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Author Topic: NTSB Replies to SMAAC  (Read 1854 times)
Forum Manager
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Posts: 51

« on: March 01, 2014, 09:01:04 PM »
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SMAAC received a message from an NTSB investigator after writing the NTSB:

The safety recommendation in the Jly 1, 2013 letter asked the FAA to provide protection from conflicts between aircraft using runways that do not physically touch but have flight paths that intersect.  Looking at the MSP layout, that would be applicable during several permutations of runways in use.  Consequently,the FAA (should) be applying the recommendation to operations at MSP.

SMAAC wrote the NTSB after checking with the MAC and the MSP Air Traffic Control Tower several times about the NTSB letter, given that one of the problematic runway diagrams in the letter seemed to be the MSP runway layout (less R4-22).  SMAAC reported to the NTSB that MAC staff denied any problem at MSP but would not provide any statistics on aborted landings using R35 or at MSP generally.  FAA information is available as raw runway use data and consolidated by quarter, making it difficult to count R35 go-arounds.

On March 2, the Air Traffic Control investigator wrote that NTSB is "working on it. Your overall assessment is correct ...  if MSP is to comply with the FAA's recent change in separation requirements, they will have to develop a reliable method of deconflicting (sic) converging operations. There are various ways of accomplishing that ...  NTSB has no regulatory authority and cannot require the FAA to follow a particular path, we do have a strong interest in ensuring that safety issues are resolved.'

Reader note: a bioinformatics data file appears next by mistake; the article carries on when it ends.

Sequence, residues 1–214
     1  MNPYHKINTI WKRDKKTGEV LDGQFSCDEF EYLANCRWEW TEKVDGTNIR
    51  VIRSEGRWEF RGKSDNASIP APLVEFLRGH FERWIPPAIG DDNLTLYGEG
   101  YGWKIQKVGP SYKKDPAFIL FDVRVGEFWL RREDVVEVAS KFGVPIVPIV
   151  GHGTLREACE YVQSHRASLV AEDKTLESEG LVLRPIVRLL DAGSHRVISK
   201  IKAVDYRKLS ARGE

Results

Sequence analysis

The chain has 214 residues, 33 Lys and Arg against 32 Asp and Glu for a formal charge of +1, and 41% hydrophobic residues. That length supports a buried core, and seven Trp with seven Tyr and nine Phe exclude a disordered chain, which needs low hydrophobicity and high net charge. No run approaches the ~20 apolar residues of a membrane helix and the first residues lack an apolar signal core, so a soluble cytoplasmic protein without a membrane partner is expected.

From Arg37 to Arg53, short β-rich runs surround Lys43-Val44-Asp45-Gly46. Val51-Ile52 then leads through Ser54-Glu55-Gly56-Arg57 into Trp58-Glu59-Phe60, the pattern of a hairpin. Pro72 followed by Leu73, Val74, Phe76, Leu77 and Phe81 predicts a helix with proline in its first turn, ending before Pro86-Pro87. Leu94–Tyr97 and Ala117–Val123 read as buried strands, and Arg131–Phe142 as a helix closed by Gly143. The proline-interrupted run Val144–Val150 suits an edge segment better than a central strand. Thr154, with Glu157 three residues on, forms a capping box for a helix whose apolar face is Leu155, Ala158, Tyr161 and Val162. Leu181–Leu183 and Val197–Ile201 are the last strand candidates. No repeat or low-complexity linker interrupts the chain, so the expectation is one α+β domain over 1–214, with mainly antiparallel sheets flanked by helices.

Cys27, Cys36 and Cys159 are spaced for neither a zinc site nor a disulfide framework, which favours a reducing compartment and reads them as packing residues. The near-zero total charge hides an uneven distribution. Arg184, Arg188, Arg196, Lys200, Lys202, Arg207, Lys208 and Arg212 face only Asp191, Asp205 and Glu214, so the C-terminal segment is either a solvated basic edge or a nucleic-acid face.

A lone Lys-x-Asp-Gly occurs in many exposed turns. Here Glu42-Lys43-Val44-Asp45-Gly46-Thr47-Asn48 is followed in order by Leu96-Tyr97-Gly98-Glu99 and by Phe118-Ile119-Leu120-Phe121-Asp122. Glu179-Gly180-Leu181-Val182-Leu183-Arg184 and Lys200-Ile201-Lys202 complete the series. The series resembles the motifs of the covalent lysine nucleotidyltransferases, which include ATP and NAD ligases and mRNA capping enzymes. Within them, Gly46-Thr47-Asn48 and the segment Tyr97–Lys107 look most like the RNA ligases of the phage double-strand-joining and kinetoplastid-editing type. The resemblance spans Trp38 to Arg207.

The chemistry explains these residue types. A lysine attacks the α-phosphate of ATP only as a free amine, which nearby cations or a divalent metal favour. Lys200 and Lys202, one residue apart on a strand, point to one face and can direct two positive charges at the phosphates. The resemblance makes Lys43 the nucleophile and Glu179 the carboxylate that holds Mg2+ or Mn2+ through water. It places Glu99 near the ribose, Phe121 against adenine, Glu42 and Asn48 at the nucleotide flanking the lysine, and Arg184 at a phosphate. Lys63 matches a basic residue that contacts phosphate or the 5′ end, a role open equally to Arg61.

SMAAC proposed a reduction in scheduled flights by FAA at peak hours and a MAC policy change to stop adding facilities used principally to support the connecting operations.  Federal law provides a mechanism, CFR14, Part 161, for local limitations of airline operations due to the airport site size and locale. In simple terms, the safe capacity of MSP is limited by the comparably small area dedicated to the airport, the runway layout, the prevailing winds, and, most importantly, the difficulty, or impossibility, of maintaining safe flight separations with less than 90 seconds intervals between runway operations in westerly flow.

To an extent, the MSP problem could be solved by more automated flights, but there is a disconnect between PBN routes and overall U.S. development and deployment of Next Gen systems. 

« Last Edit: April 30, 2014, 08:37:26 AM by Forum Manager » Logged
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